Enamel can repair itself over time by using minerals from saliva and fluoride from your toothpaste or other sources, but constant exposure to dental plaque will still cause it to erode. When there are cavities in your teeth, a dentist will repair the damage with fillings. However, plaque may also affect teeth with fillings by causing new decay in unaffected areas. Exposed tooth roots are also at high risk of decay.
It is therefore important to brush your teeth with fluoride toothpaste to protect your teeth from the harmful effects of plaque. It’s recommended that you brush twice daily for optimal results. Ensure that you also floss your teeth frequently as well.
Gum Disease (Gingivitis and Periodontitis)
Gum disease affects the gums and surrounding tissues that keep your teeth in place. This happens when dental plaque builds up “along and under your gum line”. Unlike plaque that builds up on your teeth, this plaque becomes hardened after 72 hours and can’t easily be removed by brushing or flossing.
Gum disease comes in two forms: gingivitis and periodontitis. Gingivitis is a milder infection that’s preventable and reversible by simply taking care of your oral health. Symptoms usually involve inflammation of the gums and becoming easier to bleed; your gums may look redder and more swollen due to this. You’ll feel discomfort or irritation in your gums, but your teeth are still fine.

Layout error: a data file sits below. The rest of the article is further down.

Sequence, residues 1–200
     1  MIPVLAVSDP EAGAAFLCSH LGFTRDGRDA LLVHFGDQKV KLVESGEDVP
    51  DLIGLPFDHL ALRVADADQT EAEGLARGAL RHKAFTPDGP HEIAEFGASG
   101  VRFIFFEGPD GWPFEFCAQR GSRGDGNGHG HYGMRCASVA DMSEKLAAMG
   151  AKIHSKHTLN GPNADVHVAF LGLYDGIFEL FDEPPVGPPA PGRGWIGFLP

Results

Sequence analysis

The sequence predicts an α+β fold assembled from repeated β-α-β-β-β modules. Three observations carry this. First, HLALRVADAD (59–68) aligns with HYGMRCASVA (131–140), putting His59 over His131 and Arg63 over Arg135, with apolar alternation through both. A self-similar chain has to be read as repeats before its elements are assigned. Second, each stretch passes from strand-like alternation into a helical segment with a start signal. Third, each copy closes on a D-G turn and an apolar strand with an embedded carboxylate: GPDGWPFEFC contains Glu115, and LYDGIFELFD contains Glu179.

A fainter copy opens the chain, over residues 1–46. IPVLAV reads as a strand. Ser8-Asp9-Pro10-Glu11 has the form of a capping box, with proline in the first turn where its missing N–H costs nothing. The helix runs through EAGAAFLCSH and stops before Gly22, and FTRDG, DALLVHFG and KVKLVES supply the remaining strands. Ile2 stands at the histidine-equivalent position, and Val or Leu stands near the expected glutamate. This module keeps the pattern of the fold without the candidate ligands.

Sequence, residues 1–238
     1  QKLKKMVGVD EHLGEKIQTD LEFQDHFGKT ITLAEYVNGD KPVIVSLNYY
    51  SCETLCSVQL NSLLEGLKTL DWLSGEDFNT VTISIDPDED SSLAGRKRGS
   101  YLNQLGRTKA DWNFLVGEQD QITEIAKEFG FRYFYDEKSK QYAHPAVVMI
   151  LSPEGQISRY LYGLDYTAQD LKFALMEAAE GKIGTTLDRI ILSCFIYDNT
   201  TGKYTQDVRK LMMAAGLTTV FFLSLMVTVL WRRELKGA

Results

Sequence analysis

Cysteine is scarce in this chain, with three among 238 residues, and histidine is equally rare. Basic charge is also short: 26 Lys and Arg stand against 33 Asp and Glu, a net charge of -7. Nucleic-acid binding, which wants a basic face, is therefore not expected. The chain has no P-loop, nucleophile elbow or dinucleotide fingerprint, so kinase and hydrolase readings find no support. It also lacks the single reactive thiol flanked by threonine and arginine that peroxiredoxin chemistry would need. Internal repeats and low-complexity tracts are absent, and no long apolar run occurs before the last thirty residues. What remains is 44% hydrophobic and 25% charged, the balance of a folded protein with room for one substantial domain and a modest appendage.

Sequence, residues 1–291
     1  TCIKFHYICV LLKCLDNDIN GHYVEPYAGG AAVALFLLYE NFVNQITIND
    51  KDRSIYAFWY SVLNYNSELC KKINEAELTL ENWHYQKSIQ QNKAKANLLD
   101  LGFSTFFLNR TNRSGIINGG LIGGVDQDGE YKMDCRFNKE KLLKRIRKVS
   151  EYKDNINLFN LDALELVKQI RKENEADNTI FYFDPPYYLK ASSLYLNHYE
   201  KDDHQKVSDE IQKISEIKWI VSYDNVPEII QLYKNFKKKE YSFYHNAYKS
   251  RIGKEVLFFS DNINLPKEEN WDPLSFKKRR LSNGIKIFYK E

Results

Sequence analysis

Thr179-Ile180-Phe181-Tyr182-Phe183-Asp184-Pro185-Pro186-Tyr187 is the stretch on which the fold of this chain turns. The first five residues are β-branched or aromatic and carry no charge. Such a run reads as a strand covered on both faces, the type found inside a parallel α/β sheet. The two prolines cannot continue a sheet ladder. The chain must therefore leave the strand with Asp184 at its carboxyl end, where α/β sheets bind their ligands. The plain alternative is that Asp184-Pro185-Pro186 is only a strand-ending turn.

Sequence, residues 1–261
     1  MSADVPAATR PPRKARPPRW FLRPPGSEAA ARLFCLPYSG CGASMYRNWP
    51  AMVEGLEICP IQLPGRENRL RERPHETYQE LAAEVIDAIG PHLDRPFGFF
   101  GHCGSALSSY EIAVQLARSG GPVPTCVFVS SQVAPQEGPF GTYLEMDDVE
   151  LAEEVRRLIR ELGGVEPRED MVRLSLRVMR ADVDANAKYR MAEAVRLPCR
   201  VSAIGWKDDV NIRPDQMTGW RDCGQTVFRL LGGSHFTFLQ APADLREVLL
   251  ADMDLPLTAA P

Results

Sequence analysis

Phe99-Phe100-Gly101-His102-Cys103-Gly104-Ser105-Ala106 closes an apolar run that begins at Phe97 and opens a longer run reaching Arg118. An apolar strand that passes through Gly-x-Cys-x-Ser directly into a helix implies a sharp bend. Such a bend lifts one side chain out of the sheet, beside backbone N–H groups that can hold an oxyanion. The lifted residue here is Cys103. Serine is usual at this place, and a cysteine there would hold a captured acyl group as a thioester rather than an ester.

On the other hand, periodontitis is a more severe form of gum disease that damages your gums and tissues holding your teeth in place. The gums will pull away from your teeth and create pockets (basically, spaces) that can easily be infected. As the plaque spreads past the gum line, your immune system will kick in to fight off the propagating bacteria. A combination of bacterial toxins and the body’s protective enzymes can end up breaking down the bone and connective tissues that hold your teeth in place; left untreated, your gums, bones, and tissues become irreparable and your teeth become loose and have to be removed.
If you or your loved one has gum disease, there may be no obvious symptoms that indicate it’s affecting you. Even so, gum disease will still progress and cause you many problems with eating and drinking. A dental examination will determine if you do have gum disease and steps will be taken to prevent it from worsening.